Philosophical Transactions of the Royal Society of London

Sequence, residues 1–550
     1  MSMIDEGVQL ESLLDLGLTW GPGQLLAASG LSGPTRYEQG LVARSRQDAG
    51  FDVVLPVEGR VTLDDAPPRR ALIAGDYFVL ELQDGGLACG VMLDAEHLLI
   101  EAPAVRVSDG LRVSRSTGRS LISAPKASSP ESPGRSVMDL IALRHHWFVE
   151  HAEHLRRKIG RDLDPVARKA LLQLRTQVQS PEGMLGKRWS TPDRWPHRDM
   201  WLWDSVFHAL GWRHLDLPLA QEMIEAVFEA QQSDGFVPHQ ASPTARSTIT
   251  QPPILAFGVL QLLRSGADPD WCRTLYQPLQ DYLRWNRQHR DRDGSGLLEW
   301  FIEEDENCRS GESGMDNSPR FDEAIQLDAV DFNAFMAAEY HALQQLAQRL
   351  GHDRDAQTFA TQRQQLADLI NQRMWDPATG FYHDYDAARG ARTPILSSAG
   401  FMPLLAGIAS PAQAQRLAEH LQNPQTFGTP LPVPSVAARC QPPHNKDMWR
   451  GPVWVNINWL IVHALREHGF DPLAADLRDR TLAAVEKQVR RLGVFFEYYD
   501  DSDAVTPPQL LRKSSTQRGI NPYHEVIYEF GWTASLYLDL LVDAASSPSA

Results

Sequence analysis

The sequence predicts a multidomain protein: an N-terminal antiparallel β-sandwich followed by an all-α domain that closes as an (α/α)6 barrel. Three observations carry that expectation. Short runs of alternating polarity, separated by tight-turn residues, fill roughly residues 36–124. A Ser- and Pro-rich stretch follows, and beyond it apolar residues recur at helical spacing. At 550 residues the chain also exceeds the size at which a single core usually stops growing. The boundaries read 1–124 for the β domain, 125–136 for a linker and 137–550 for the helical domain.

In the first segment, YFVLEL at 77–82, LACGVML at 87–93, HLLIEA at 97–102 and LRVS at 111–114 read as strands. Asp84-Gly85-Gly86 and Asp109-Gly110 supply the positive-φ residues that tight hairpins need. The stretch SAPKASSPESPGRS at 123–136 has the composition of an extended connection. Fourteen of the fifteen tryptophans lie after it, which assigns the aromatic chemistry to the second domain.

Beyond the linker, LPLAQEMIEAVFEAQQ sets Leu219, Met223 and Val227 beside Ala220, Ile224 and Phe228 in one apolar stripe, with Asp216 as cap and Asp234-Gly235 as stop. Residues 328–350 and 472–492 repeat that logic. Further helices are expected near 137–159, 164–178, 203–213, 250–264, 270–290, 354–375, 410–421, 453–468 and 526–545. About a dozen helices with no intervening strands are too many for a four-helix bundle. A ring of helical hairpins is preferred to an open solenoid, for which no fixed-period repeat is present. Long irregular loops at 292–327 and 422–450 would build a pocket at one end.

Affinity, or the force which causes the particles of different bodies to unite to form a chemical compound, is, both as regards its nature and quantity, a definite magnitude, which, like all other forces and like matter itself, can neither be created nor destroyed. It is therefore a badly chosen form of speech to say, that under certain circumstances a body attains an affinity which under other circumstances it loses. This expression can only be understood to mean, that at one time the bodies are enabled to follow the attraction ff their chemical forces, whilst at another they are prevented from so doing by other forces acting in an opposite direction. These opposite attractions, which must be overcome in order that the chemical combination should take place, may he presented to the mind under the image of a resistance similar to that occurring in friction, in the passage of electricity through conductors, in the distribution of magnetism in steel, or in the conduction of heat. We overcome this resistance when we quicken the formation of a precipitate by agitation, or when, by increase of temperature, by catalytic action, or by insolation, we cause a chemical action to occur. Such a resistance to combination presupposes a certain combining power, the magnitude of which is measured by the mass of the body chemically combined in the unit of time under the influence of the unit of force.


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